Note: This is an archived Handbook entry from 2009. Search for this in the current handbook
|Dates & Locations:|| |
This subject has the following teaching availabilities in 2009:For information about these dates, click here.
|Time Commitment:||Contact Hours: Two contact hours per week |
Total Time Commitment: 120 hours.
Legal Method and Reasoning; Principles of Public Law; Torts; Legal Theory; Contracts; Obligations; Property or in each case their equivalents.
|Corequisites:||Corporations Law or equivalent|
|Recommended Background Knowledge:||None|
|Non Allowed Subjects:||None|
|Core Participation Requirements:||
For the purposes of considering request for Reasonable Adjustments under the Disability Standards for Education (Cwth 2005), and Student Support and Engagement Policy, academic requirements for this subject are articulated in the Subject Overview, Learning Outcomes, Assessment and Generic Skills sections of this entry.
It is University policy to take all reasonable steps to minimise the impact of disability upon academic study, and reasonable adjustments will be made to enhance a student's participation in the University's programs. Students who feel their disability may impact on meeting the requirements of this subject are encouraged to discuss this matter with a Faculty Student Adviser and Student Equity and Disability Support: http://services.unimelb.edu.au/disability
Negotiations between stakeholders in corporate financial transactions are driven by various legal considerations. An understanding of the fundamental legal issues underpinning any financial transaction is essential for a commercial lawyer to successfully advise banks and corporate borrowers.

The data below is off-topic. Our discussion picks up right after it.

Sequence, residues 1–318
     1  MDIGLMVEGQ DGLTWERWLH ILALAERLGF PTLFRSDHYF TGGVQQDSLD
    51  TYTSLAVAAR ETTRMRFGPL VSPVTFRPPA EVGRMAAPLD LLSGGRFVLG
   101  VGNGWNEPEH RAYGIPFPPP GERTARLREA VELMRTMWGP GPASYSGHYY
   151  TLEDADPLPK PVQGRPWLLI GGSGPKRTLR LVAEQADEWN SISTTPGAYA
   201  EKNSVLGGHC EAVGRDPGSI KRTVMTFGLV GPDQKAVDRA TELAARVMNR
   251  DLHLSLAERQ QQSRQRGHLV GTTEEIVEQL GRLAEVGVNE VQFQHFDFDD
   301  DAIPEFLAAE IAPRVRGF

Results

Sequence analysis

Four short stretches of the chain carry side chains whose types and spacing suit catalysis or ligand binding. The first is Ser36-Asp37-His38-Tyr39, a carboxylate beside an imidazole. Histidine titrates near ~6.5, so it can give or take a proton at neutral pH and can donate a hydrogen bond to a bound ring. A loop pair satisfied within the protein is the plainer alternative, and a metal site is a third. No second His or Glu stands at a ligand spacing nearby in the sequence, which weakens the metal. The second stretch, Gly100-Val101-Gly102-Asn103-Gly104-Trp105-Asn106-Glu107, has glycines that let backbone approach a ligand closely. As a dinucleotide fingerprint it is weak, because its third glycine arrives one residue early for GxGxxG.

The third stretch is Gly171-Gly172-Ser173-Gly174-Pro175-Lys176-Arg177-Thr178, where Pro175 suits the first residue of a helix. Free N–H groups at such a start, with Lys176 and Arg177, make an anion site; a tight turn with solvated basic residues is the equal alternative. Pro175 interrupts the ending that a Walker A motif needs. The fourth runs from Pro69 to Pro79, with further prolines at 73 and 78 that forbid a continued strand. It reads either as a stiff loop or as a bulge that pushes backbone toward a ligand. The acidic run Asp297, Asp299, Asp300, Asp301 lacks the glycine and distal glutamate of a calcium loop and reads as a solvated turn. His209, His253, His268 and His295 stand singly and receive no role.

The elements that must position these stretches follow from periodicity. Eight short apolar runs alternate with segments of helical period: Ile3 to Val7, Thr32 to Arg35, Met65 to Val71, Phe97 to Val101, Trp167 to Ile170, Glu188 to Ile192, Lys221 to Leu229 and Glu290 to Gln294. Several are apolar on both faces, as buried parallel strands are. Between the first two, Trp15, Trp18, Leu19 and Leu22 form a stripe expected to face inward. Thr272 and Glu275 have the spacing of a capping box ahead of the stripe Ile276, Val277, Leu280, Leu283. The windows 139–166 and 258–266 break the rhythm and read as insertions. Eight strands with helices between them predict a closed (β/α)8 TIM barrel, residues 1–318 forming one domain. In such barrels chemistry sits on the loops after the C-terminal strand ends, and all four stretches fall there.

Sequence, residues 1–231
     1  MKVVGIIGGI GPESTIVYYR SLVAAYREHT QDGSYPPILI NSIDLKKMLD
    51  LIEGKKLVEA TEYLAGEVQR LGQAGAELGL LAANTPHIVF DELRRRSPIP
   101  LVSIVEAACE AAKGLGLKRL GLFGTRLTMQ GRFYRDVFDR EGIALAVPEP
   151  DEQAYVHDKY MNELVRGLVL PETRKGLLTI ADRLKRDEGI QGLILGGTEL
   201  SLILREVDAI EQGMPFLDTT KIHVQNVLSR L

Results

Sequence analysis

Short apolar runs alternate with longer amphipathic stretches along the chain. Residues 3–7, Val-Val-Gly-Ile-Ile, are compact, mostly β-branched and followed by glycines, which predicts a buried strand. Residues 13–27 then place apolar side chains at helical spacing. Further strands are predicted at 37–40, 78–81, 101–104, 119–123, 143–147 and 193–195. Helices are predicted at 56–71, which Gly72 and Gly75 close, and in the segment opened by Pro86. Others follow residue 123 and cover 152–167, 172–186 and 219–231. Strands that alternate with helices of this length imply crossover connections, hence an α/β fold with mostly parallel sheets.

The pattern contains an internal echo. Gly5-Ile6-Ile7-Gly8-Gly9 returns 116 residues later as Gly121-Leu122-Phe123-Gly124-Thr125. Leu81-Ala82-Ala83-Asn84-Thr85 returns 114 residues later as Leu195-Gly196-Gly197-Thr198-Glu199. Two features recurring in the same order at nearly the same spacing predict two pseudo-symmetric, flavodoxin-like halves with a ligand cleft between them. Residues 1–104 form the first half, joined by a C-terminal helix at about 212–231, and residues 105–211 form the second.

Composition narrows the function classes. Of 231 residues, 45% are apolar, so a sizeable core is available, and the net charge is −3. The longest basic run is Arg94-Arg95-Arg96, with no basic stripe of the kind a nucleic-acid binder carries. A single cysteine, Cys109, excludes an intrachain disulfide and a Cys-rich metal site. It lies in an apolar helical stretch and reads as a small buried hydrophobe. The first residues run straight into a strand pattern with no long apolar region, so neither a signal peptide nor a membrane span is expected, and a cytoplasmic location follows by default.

The subject begins with an overview of corporate finance transactions and the stakeholders involved in debt financing. Students will analyse the key terms of a loan agreement and consider various negotiating and drafting strategies based on a syndicated debt finance case study. Students will learn about the fundamental characteristics of syndicated lending and the legal relationships between the arranger/agent, lenders and borrower. The final part of the subject deals with contractual rights commonly regarded commercially as security in Australia, in particular, negative pledges and guarantees. Students will also analyse documentation containing these types of provisions.
Class discussion will include case studies and hypothetical problems designed to give students an opportunity to practice negotiation and consider drafting issues in a corporate banking and finance law context.
This course complements Retail Banking and Finance Law. Although it is not necessary to enrol in both courses, students who have completed both subjects should have a good understanding of the foundations of retail financial services and corporate banking and finance transactions.
The objectives of this subject are to assist students to develop the following skills:
· analyse the legal risks involved in corporate financial transactions;
· be familiar with the key terms that make up corporate finance contracts;
· understand the issues relating to taking security for financial transactions;
· analyse critically legal issues and case law relating to fixed and floating charges and guarantees; and
· explain the key legal risks involved in financing.
A three hour examination at the end of semester (100%)
Printed materials will be issued by Melbourne Law School.
|Breadth Options:|| |
This subject is not available as a breadth subject.
|Fees Information:||Subject EFTSL, Level, Discipline & Census Date|
On completion of the subject, students should have developed the following generic skills:
In addition, on completion of the subject, students should have developed the following skills specific to the discipline of law:
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